The Democratic and Republican state conventions have come to a close, clarifying some ballot positions but complicating others…
The story of the day, without a doubt, is Republican Dan Maes’ upset victory over Scott McInnis for topline on the GOP ballot for Governor. Maes almost certainly cannot go on to win this Primary, but make no mistake — this is a devastating blow to McInnis. Maes is spending most of what he raises on himself, but despite no money, no name recognition, and a last-minute campaign to discredit him, he still somehow edged McInnis on Saturday.
Maes’ victory is more about McInnis’ failings than anything else, and it will force McInnis to spend considerable time and money making sure he wins a Primary that he really can’t afford (literally and figuratively) to worry about. More problematic for McInnis is that he now must spend the next few months going even further to the right with his rhetoric in order to try to win back a base that abandoned him for a guy in Maes who really has no business being this close to becoming Governor. The further that McInnis goes to the right, of course, the harder it will be for him to win back moderate voters in a General Election. This is absolutely the worst-case scenario for Republicans hoping to win back the Governor’s Mansion.
Democrat John Hickenlooper has not run an impressive campaign for Governor to this point, and his lack of a ground game has many Democrats concerned, but Saturday’s results at the GOP Assembly has laid this race out on a silver platter for him. As long as Hickenlooper runs even a somewhat decent campaign, it’s hard to see how he won’t end up as Colorado’s next Governor now.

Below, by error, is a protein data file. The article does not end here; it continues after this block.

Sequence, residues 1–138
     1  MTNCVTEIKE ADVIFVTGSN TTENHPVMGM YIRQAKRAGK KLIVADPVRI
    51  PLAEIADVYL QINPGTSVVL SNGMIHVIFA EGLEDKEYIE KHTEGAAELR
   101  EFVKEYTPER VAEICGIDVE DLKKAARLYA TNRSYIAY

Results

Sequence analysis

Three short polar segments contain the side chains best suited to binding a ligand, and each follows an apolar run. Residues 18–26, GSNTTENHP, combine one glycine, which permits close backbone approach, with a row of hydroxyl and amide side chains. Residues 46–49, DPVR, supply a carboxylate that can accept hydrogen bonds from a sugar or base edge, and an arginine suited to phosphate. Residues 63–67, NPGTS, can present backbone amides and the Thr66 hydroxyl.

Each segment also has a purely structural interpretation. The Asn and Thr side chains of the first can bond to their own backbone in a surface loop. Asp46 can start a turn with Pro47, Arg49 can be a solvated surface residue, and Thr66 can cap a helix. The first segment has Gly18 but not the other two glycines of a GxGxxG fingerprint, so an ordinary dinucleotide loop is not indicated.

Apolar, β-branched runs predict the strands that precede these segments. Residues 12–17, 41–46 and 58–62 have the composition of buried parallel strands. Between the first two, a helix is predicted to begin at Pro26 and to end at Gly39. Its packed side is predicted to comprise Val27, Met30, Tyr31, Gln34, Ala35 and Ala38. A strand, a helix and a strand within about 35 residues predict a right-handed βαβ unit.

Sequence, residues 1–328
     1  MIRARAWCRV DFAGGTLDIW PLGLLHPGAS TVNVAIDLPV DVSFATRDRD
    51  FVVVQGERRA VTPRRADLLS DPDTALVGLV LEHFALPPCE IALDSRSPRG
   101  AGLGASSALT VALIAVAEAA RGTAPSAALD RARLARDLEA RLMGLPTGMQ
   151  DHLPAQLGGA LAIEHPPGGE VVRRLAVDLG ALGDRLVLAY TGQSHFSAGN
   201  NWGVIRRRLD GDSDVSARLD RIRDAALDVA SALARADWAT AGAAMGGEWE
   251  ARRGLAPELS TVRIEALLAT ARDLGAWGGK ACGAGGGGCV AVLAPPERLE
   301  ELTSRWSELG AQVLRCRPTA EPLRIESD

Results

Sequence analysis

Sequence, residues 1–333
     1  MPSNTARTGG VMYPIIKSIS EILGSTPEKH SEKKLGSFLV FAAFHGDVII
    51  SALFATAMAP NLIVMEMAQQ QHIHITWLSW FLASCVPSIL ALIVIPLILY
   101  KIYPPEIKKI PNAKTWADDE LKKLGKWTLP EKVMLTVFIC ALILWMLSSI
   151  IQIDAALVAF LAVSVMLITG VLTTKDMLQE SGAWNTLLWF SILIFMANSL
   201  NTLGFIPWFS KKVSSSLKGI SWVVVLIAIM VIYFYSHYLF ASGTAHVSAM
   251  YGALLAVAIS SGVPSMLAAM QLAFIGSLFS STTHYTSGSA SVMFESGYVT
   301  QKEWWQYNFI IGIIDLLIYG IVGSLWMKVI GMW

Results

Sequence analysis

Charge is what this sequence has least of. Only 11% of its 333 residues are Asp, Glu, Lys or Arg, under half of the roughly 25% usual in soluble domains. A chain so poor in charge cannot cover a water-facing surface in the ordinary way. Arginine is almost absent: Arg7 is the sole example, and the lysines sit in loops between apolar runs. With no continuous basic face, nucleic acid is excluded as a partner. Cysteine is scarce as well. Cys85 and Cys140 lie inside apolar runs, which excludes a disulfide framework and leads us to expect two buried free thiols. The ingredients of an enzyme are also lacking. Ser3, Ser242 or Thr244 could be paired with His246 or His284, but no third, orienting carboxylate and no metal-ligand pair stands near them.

Republican Ken Buck easily won his Party’s nomination, with both Jane Norton and Tom Wiens going the petition route, so there’s not much to say here.
As for the Democrats, Andrew Romanoff won topline with a 60-40 margin over Sen. Michael Bennet, which means…absolutely nothing. That’s no knock on Romanoff, but just the reality given today’s margin is about the same that he held over Bennet after the caucuses; the only thing that would have made any difference in this race would have been holding Bennet under the 30% threshold required to make the ballot, but that was always unlikely. There’s really nothing different today that wasn’t already true yesterday.
This is still a good day for Romanoff, but unfortunately for him, tomorrow’s headlines will be all about Maes and his surprise win in the GOP race for Governor. After the 2004 Democratic convention, the headlines were all about Mike Miles beating Ken Salazar, but Romanoff won’t be the top story tomorrow. That’s a tough break for a campaign that really needs to try to generate some sort of fundraising momentum out of today; Maes’ win was the worst-case scenario for McInnis, but it was also the worst thing that could have happened to the Romanoff campaign (since he was never likely to lose to Bennet).
At the end of the day, however, nothing has really changed in the Senate race on either side of the aisle. The big questions — can Buck and Romanoff raise the money to have a significant television presence — won’t be resolved by anything that happened today.
This was the only other significant race to play out today, and only on the GOP side. Ali Hasan failed to make threshold for ballot access, giving a big victory to J.J. Ament, who now waits to see if Walker Stapleton will have enough petition signatures to qualify for the ballot (which he should). This is a significant win for Ament, since Hasan’s family has strong ties in the Republican Party and Ali had already spent a lot of money on ads. Ament’s overwhelming victory is a show of organizational efficiency that, in our eyes, now makes him the frontrunner to win the Republican Primary.
We still don’t think Ament or Stapleton can defeat incumbent Democrat Cary Kennedy in November, but today’s results are not ideal for the Dems. Kennedy certainly would have preferred to see a three-way primary, with Hasan spending a lot of his own money to beat up both Ament and Stapleton.